The second thought is this:  we can all benefit from being “active readers.”  Rather than just reading the words on the page (or computer screen), THINK while you read.  Challenge yourself to find ways to apply the words to your life.  Make a game of looking for metaphors.

It makes reading more fun and can lead to places you never expected.

Like teaching in a University classroom.

Class dismissed.

Yours truly,

The Professor.

PS.  My Dad was a college professor for 38 years and “The Professor” was his nickname in the coffee shop where he met friends for breakfast every week.  I take great pride in adopting his nickname as my own, at least for today’s post.  I wish you were still around to read this post, Dad.  I truly enjoyed an afternoon of “standing in your shoes” and trust you’d be proud…

Your Turn:  Which of the lessons from Lewis & Clark most resonated with you?  Also, are you an “active reader?” If so, what truths have you found while reading a book?  Let’s chat in the comments…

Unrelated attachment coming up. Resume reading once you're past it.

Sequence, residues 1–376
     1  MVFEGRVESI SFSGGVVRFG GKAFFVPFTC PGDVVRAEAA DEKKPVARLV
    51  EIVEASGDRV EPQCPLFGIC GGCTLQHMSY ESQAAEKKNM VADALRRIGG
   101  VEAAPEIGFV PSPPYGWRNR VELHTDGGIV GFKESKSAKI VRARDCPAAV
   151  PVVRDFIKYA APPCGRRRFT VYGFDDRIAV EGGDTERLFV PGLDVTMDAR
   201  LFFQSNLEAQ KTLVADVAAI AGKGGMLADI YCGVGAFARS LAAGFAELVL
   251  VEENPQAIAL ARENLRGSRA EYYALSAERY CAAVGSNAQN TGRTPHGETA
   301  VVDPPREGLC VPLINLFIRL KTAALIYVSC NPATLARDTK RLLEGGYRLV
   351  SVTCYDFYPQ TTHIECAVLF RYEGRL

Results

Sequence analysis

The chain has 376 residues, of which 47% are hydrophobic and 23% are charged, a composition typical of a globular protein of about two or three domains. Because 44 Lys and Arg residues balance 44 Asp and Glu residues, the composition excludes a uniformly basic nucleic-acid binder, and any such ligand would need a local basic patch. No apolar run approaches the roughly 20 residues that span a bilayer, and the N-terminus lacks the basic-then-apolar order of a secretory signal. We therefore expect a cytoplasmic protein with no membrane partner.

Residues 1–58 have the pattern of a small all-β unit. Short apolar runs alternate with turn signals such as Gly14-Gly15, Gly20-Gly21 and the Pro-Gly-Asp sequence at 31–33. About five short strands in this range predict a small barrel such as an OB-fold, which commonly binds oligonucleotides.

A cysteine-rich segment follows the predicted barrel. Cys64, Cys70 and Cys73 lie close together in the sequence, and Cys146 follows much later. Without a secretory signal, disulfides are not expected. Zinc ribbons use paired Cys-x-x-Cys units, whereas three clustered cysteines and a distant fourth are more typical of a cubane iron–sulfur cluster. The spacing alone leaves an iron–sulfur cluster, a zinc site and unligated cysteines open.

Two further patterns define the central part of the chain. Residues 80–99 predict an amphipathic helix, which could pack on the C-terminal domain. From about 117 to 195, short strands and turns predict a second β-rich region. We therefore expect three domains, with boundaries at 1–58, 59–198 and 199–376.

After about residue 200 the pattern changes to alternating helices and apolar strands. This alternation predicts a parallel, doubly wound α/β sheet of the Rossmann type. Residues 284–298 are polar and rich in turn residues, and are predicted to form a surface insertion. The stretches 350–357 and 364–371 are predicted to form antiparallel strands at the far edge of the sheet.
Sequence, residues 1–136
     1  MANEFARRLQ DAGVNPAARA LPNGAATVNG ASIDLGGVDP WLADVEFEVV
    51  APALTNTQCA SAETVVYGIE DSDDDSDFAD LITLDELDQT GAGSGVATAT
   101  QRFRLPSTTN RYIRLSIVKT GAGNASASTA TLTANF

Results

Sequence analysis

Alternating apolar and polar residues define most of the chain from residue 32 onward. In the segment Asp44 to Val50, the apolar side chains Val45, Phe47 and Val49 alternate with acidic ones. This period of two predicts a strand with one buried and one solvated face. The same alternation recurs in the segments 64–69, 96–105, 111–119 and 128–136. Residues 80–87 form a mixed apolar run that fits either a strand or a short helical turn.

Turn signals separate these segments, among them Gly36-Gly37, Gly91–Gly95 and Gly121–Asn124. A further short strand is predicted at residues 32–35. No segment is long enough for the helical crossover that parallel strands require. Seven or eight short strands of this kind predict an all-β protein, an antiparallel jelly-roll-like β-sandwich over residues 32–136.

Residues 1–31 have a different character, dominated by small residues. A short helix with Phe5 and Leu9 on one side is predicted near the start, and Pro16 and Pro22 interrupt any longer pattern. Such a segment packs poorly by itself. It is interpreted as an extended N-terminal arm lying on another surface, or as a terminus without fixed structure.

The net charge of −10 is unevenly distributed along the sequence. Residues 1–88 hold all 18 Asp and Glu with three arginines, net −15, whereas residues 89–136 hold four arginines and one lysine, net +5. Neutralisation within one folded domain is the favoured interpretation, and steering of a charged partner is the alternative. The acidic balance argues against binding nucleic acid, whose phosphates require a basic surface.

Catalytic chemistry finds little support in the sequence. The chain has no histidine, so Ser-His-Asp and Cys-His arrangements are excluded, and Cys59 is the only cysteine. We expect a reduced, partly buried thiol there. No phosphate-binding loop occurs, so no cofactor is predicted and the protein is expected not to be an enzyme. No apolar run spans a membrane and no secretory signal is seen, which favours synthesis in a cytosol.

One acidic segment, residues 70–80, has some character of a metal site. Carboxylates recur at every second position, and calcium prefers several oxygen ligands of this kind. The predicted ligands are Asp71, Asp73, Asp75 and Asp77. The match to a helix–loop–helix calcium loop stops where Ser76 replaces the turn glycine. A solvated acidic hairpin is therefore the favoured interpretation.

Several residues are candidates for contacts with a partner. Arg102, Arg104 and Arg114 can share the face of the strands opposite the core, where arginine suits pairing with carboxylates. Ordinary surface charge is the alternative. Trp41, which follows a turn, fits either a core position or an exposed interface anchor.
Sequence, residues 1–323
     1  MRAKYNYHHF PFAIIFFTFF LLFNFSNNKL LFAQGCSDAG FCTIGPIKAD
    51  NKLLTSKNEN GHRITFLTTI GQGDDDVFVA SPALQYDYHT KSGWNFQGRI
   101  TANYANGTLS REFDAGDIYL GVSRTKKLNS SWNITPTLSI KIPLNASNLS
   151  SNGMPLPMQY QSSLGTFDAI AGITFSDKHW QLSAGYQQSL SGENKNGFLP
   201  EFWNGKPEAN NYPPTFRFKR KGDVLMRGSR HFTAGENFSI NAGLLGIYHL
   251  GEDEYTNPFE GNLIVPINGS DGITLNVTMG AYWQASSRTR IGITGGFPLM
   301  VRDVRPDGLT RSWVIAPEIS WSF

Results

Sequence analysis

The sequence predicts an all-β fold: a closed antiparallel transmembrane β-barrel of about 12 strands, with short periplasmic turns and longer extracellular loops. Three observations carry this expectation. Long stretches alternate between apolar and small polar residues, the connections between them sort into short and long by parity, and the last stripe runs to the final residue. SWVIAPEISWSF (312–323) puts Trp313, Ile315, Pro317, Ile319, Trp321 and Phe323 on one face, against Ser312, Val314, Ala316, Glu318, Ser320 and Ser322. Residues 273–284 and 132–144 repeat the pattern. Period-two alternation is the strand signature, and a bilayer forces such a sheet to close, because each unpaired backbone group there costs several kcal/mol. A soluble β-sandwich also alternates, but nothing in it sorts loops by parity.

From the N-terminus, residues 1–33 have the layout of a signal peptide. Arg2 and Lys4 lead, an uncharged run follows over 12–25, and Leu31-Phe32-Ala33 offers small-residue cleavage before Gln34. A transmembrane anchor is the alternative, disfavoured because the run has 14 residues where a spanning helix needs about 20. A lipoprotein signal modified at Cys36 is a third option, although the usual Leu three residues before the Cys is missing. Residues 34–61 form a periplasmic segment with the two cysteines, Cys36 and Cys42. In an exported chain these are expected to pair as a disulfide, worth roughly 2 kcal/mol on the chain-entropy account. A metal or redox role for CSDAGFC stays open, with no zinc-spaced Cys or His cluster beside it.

1. Wow Fritz, I must add this Stephen Ambrose’s book to my list. I thoroughly enjoyed his “Band of Brothers”. I love your comparison of how proper planning and execution will make a challenging journey successful in retirement. Contrast that to the first documented transcontinental exploration of North American 276 years before Lewis & Clark by Alvar Nunez Cabeza de Vaca, treasurer of Spanish Conquistador Panifo de Navraez. The mission was poorly planned, underfunded, and misdirected by an incompetent navigator that resulted in de Navraez landing in Tampa Bay looking for gold and glory instead of modern-day Mexico. They reached the mouth of the Mississippi River in Louisiana only to be swept out to the Gulf of Mexico losing Narvaez and his men forever. Only four of 300 men survived a brutal eight-year journey, traveling across the western edge of Florida, across Alabama, Louisiana, Texas into Mexico, reaching the Pacific Ocean in Mexico. Along the way they were harassed, enslaved, faced starvation, and were idolized as messiahs by the numerous tribes they encountered. They were rescued by New Espana (Mexico) colonialists in near Mexico City in 1536. If interested in this fascinating journey read “A Land So Strange: The Epic Journey of Cabeza de Vaca” by Andrés Reséndez.

  2. Professor,